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As your children grow, it is normal that they spend more and more time away from you, increasingly influenced by external factors. During the long transition period, until they are old enough and aware enough to keep themselves safe, it is 100% your responsibility to do so. This responsibility lasts until they are in their late teenage years when the reasoning centres of their brains are fully developed. The brain continues to change into the early twenties with the frontal lobes, responsible for reasoning and problem solving, developing last.
In calm situations, teenagers can rationalise almost as well as adults. However, stress can hijack what Ron Dahl, a paediatrician, and child psychiatric researcher at the University of Pittsburgh Medical Center, calls “hot cognition” and decision-making. The frontal lobes help put the brakes on a desire for thrills and taking risks—a building block of adolescence; but, they’re also one of the last areas of the brain to develop fully (edinformatics).
Pre-Internet and social media times, it was easier to be more aware of what exactly was happening in your child’s life. These days, events and activities are arranged on Facebook and you don’t know exactly what was said. Prior to mobile phones, all external conversations were made over the family telephone, making it more common knowledge who was calling and when.
There are much more external influences on our children than ever before in history. Many of these influences are also more concerned about marketing or ratings than your child’s well-being. No one cares about your child more than you. Vigilantly monitoring the content that your child sees does take a lot of time and support; your child’s well-being, safety, and emotional health are the rewards. I am not talking about reading through every single Facebook message, but I mean generally being aware and interested in what is going on with your child.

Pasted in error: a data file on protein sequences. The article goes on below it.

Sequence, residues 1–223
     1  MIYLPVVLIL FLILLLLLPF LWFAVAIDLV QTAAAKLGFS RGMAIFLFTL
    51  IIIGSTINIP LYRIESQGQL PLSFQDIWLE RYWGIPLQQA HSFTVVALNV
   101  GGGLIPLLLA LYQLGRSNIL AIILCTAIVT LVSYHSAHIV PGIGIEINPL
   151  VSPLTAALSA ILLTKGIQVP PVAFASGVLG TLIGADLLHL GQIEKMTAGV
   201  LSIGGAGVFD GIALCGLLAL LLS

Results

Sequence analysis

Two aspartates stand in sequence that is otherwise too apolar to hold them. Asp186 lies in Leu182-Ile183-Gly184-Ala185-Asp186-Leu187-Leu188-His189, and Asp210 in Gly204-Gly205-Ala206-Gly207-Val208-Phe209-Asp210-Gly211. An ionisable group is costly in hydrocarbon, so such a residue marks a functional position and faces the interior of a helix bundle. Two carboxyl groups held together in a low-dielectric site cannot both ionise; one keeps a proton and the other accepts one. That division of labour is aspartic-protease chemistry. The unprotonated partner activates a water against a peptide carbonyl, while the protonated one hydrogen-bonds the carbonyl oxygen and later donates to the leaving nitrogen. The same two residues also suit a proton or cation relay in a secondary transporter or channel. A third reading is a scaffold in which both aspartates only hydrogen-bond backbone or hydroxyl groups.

Let’s just use the example of good old-fashioned television! It amazes me that during family television viewing time, around 6–8pm, that television stations feel it is acceptable to show gruesome dead bodies and horrid images. I believe it can be traumatic and inappropriate for children to have these adult promotions shown to them when they are watching their age-appropriate show. When this happens, I protect my children by telling them to turn the other way.
With children between the ages of eight and twelve, I’ve noticed that parents began to let go and even allow their children to watch television and movies rated MA (in Australia, this rating is recommended for audiences with a mature perspective). Eight- to twelve-year-old children still do not have the brain development and the reasoning skills to determine reality from fantasy. These images can be confusing and frightening to them, causing them to worry and possibly suffer disturbed sleep.
If your child does happen to see inappropriate things and they are upset (creating space and time for communication can help here), it is important to have a full debriefing with them. This allows you to share your mature perspective and help your child put what is upsetting them into in perspective. Tell them that the images are not real and only make-believe; explain the costume department and special effects, and how they create things for movies and television. This, of course, seems obvious to you, but remember that you are introducing your child to “a whole new world.”
Make sure you know what your child is viewing in terms of television and movies. Protect them by following age-appropriate ratings. For example in Australia, an MA+ rating is for children fifteen years and older—not ten-year-olds who really are not cognitively ready to deal with the more mature themes. I am sure my children were the last to see the Harry Potter Movies (compared to other children their age), as they had to wait until they were “old enough.” The image of a giant ferocious three-headed dog was far too scary for them to see when they were eight. They didn’t see all the movies until they were mature enough to determine fantasy from reality.
Keeping your child safe is a huge issue in this electronic world! However, with the correct boundaries, guidelines, and parental awareness it is possible to help your child navigate this world safely.
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